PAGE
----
WALDOBORO, Maine — In Judy Bernier’s backyard is a spherical building covered with pale cedar shingles, sporting a UFO-like gull-wing door.
No, Bernier hasn’t been invaded by stylishly nouveau rustic aliens. The Waldoboro woman is America’s first licensed manufacturer of Archipods, small but versatile structures invented by Chris Sneesby of Yorkshire, England, according to a report this week by award-winning journalist Dominik Lobkowicz of the Lincoln County News.
“It’s just really something different,” Bernier told the LCN. “I’d never seen anything like this before I saw the Archipod.”
Sneesby had received several requests from potential North American customers, but found exporting the spherical buildings to be logistically prohibitive, Lobkowicz wrote. When Bernier came looking for one of the unique pods to use as backyard office, however, she didn’t take “no” for an answer.
Not only did Sneesby agree to help her build America’s first Archipod behind her Waldoboro home, he licensed her to manufacture the ball-shaped buildings for American customers under the business name Podzook.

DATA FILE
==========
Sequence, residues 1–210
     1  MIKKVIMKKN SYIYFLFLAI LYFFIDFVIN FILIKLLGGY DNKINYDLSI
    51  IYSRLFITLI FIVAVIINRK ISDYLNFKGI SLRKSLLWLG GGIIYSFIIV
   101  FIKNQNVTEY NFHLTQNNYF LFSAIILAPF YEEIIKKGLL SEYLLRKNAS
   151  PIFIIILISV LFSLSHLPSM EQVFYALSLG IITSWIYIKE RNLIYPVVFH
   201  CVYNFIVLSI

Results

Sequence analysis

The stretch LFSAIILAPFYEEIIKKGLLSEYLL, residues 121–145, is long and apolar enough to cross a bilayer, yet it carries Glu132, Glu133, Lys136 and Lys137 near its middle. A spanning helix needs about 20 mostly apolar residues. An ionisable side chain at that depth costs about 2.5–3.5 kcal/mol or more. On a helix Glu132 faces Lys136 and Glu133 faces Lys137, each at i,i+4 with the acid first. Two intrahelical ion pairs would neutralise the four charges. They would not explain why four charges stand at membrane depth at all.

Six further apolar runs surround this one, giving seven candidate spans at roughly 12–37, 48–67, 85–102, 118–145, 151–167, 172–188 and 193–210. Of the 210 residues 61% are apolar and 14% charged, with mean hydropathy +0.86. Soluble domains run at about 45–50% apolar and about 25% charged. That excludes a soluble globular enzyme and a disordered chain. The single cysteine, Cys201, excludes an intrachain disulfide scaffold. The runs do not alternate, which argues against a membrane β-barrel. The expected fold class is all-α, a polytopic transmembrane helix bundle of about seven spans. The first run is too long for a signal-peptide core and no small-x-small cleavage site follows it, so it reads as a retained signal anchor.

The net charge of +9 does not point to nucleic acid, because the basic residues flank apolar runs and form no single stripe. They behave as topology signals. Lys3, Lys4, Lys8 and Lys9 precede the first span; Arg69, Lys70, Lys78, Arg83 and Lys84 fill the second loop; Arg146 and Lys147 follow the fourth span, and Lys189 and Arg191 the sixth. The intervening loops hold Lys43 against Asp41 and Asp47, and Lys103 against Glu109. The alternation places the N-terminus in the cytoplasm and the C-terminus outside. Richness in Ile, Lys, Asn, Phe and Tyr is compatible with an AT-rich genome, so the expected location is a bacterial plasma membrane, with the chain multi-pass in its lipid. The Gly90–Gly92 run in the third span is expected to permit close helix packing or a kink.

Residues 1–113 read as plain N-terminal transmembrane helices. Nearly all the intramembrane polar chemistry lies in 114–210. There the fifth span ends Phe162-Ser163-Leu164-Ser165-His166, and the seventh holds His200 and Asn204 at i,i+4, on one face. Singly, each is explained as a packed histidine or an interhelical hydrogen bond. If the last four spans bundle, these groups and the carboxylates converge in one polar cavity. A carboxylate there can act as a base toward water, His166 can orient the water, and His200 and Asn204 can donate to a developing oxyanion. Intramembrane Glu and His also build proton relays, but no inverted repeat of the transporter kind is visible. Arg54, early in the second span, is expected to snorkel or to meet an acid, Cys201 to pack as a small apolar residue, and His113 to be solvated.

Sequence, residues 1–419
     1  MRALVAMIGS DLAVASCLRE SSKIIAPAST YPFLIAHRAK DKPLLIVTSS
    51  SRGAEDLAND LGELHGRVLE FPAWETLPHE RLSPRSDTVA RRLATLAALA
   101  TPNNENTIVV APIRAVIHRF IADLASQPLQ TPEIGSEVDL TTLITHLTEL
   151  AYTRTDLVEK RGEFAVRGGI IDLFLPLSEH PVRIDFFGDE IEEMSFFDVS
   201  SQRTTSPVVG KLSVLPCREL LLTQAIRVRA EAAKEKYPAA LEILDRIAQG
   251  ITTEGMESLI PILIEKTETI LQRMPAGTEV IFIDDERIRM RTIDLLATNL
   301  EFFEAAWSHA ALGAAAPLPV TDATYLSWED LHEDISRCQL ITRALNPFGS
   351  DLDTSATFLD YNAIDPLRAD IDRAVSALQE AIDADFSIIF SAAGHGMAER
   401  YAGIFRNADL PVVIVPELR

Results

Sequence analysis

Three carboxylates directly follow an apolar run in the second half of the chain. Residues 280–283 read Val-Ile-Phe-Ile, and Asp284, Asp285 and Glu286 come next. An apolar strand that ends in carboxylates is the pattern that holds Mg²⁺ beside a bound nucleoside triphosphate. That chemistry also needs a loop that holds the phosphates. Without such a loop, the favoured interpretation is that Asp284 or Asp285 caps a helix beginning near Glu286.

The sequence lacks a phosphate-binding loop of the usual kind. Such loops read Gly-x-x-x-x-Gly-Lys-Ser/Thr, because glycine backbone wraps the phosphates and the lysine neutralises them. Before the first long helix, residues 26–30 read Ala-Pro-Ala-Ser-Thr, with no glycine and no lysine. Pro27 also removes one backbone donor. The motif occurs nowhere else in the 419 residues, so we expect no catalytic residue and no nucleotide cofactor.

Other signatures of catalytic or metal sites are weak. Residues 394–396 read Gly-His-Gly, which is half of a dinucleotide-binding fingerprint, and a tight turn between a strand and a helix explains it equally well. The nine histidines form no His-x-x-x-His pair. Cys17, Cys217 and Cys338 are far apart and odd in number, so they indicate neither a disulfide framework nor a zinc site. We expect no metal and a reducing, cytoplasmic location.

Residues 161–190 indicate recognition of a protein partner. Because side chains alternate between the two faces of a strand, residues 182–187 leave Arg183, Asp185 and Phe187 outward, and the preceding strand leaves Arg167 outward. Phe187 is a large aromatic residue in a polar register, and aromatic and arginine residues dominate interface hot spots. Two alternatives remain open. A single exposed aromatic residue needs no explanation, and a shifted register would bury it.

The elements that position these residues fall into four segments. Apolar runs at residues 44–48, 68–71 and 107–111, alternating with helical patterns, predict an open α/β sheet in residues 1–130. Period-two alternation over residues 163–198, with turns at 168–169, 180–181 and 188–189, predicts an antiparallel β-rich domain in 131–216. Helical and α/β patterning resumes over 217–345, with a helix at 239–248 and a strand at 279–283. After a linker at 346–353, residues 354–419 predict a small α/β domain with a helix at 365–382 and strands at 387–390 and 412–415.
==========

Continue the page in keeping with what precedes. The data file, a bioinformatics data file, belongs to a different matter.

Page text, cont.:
Bernier told the Lincoln County News the pods make popular office spaces, but can be used as playhouses and client meeting spaces as well. The Archipod website additionally claims the structures can be used as workshops, studios and meditation rooms, or lifted up to become tree houses.
Bernier said a potential client in Hawaii even wants to open a shaved ice shop in one.
The buildings are 9 feet, 6 inches at their widest spot and 8 feet, 3 inches tall. They include lights, three electrical outlets and a data port, the LCN reported. They can be plugged in to a power source like a camper, are insulated and can be equipped with heating and air conditioning.
“I felt like everything else on the market either looked like a shed or a box,” Sneesby said in a video commentary posted by the United Kingdom’s Intellectual Property Office. “Upon making something curved, it would look a lot more a part of the garden landscape. It’s a lot more sculptural than most buildings.
“When I first started developing the structure, I knew that I was doing something quite different, very unusual compared to what else was available on the marketplace,” he continued.
Bernier, an interior designer by trade, uses her own Archipod at 623 West Main St. as an unfurnished showroom of sorts, and the buildings range in price from $32,000 to $40,000, according to her company website.